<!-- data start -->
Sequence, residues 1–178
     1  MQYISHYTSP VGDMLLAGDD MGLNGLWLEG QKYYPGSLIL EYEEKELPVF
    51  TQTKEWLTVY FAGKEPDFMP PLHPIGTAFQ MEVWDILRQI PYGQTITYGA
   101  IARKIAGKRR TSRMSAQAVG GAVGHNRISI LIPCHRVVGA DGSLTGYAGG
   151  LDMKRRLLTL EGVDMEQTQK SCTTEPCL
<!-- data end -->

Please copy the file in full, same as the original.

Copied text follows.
Sequence, residues 1–178
     1  MQYISHYTSP VGDMLLAGDD MGLNGLWLEG QKYYPGSLIL EYEEKELPVF
    51  TQTKEWLTVY FAGKEPDFMP PLHPIGTAFQ MEVWDILRQI PYGQTITYGA
   101  IARKIAGKRR TSRMSAQAVG GAVGHNRISI LIPCHRVVGA DGSLTGYAGG
   151  LDMKRRLLTL EGVDMEQTQK SCTTEPCL